Young Chilean kayakers to paddle Grand Canyon

Eight young kayakers from the Aysen region of Chilean Patagonia landed in Denver, Colorado, on July 31 to begin a nearly month-long exploration of energy, environment, dams and water in the western United States. The students are members of Club Nautico Escualo, a community kayaking club from the remote Patagonian town of Cochrane, and are traveling with their two coaches, Roberto Haro and Claudia Altamirano.

Los Escualos are in the U.S. as part of a kayaking exchange program organized by" target="_blank">Rios to Rivers, a Colorado-based nonprofit that is working to educate young people about the impact of dams on rivers, and to give students the information necessary to form their own conclusions and become knowledgeable spokespeople for the world's rivers and the people who depend on them. The group's executive director Weston Boyles is also making a documentary about the US-Chile exchange program to raise awareness about proposed dams in Patagonia and to highlight the power of cultural exchange as an educational tool.

Los Escualos have grown up paddling the Baker River, Chile's most voluminous river, and have a deep connection with this waterway currently threatened by the large-scale HidroAysen dam project. Similarly, in the 1960s, a major dam project was once proposed for the Colorado River inside the Grand Canyon, even though the Grand Canyon had been declared a national park in 1919.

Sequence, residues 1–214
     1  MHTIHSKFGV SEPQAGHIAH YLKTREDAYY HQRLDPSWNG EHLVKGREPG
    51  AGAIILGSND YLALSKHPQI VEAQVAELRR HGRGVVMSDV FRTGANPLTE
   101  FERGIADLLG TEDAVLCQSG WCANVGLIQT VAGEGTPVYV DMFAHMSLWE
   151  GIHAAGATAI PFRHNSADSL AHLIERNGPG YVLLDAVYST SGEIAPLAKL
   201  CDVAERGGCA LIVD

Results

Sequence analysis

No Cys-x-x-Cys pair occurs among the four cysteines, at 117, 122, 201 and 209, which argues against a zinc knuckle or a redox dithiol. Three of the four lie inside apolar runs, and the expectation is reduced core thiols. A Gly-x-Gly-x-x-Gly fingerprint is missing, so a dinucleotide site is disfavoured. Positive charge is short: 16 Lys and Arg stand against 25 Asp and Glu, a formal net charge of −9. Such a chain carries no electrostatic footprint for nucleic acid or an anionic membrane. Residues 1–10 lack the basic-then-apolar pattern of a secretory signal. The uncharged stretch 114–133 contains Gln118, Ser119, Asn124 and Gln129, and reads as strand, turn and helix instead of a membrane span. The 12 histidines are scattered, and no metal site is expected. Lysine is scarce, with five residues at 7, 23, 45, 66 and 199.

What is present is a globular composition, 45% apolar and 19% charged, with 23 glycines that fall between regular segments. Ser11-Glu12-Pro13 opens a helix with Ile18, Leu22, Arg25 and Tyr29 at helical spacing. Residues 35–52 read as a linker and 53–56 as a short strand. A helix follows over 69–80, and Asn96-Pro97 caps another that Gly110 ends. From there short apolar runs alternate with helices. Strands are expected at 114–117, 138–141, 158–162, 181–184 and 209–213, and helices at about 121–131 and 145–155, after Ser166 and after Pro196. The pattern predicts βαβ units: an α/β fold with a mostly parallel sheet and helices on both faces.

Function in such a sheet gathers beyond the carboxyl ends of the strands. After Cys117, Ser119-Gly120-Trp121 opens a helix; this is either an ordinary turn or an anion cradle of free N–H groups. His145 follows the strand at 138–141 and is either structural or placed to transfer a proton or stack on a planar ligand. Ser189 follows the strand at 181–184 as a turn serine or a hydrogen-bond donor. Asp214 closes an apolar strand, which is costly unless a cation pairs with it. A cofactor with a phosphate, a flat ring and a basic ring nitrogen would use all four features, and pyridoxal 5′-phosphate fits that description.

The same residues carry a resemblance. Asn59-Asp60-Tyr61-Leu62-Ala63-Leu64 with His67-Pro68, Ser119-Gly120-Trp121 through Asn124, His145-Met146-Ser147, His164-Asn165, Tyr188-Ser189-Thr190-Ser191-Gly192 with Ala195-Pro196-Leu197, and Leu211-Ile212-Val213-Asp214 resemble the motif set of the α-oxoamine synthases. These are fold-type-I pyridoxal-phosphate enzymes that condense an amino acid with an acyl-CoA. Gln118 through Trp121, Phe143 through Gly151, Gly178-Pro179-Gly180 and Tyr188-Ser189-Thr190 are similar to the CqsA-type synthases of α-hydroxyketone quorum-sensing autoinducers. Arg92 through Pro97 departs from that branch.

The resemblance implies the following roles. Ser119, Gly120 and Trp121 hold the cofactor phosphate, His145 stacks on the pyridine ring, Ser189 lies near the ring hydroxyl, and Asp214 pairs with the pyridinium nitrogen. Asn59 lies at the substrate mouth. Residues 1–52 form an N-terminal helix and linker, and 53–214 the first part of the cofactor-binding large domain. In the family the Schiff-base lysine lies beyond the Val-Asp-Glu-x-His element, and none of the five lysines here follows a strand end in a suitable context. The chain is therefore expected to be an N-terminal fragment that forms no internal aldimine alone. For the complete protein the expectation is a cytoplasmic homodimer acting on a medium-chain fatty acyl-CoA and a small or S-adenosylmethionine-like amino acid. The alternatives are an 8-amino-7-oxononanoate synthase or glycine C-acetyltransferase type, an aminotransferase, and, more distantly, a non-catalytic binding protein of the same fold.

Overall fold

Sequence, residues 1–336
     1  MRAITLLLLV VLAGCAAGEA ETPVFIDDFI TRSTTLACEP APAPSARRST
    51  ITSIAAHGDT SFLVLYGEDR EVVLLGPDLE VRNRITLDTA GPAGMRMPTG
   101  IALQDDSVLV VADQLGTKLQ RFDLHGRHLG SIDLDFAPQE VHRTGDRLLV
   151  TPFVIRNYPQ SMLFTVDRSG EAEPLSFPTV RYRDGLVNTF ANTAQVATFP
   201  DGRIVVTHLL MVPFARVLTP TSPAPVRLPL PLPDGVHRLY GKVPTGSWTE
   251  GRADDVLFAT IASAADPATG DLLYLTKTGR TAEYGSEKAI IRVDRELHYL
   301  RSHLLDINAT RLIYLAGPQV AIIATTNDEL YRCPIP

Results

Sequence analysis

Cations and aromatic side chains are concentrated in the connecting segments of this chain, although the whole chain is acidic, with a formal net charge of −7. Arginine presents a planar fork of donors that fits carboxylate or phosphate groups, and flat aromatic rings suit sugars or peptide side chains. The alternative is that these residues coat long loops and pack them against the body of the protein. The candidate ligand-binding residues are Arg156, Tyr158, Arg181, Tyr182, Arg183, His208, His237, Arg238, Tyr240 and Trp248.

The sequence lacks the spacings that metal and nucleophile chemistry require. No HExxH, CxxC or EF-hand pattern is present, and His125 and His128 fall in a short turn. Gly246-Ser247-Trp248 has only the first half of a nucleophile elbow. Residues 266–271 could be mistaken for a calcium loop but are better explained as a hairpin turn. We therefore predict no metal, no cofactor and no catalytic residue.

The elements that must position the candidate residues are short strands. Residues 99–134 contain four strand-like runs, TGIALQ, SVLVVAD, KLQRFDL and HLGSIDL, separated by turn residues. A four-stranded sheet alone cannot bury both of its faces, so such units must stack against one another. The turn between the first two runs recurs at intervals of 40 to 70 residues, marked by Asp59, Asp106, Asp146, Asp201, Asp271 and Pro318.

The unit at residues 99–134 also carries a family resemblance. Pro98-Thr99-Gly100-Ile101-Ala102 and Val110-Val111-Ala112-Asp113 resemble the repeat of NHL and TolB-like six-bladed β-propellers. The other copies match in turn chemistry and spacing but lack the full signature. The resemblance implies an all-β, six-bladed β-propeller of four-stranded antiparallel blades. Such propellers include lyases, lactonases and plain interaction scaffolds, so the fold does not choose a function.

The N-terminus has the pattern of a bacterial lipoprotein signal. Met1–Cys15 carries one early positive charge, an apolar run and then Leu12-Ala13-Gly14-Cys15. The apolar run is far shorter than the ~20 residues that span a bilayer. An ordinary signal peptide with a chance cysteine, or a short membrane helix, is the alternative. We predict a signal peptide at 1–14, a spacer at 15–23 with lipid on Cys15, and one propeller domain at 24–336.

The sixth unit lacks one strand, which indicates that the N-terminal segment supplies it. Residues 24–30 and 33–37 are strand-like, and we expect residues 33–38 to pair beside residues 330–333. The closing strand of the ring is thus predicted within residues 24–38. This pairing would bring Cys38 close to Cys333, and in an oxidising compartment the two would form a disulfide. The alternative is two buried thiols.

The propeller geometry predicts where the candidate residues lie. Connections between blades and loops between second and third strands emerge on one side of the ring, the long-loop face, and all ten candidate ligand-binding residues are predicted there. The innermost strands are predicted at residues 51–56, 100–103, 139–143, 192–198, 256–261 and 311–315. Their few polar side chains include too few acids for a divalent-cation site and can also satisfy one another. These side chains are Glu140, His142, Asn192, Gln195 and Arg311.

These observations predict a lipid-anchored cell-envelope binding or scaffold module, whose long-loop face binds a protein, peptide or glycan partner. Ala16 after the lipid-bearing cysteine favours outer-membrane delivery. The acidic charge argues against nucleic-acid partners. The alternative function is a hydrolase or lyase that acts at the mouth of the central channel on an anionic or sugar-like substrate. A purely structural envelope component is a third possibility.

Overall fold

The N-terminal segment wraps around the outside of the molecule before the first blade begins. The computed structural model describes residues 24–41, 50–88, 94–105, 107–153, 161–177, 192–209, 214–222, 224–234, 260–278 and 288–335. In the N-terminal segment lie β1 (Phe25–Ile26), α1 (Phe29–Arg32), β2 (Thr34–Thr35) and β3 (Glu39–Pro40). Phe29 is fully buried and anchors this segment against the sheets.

Rios" target="_blank">">Rios to Rivers: Young Chilean kayakers to run the Grand Canyon this August, 2013 from Weston" target="_blank">">Weston Boyles / Rios to Rivers

The Chilean kayakers will stay with host families in Colorado's Roaring Fork Valley, visit the Rocky Mountain Institute for energy studies, participate in hands-on stream studies with the Roaring Fork conservancy, and learn about new technologies at Solar Energy International before traveling south for a twelve-day kayaking trip on the Colorado River through the Grand Canyon. They will be joined by seven students and two coaches from the Colorado Rocky Mountain School (CRMS). The students will see first-hand the impact of mega dams on a river ecosystem, learn about the history of dam building in the United States, and discover the relative costs and benefits associated with large-scale dam construction.

This is the second half of Rios to Rivers' pilot exchange program. In March and April 2013, Rios to Rivers led the same CRMS students through a three-week program in Chile. Students met politicians, developers, engineers, and energy experts on both sides of the dam debate, and spent five days paddling the Baker with the Escualos.

Rios to Rivers is seeking financial support to cover the costs of bringing the Escualos kayaking club to the United States, and hope to raise at least $12,000 by August 5. To make a donation through their current crowd funding campaign, go to:" target="_blank">
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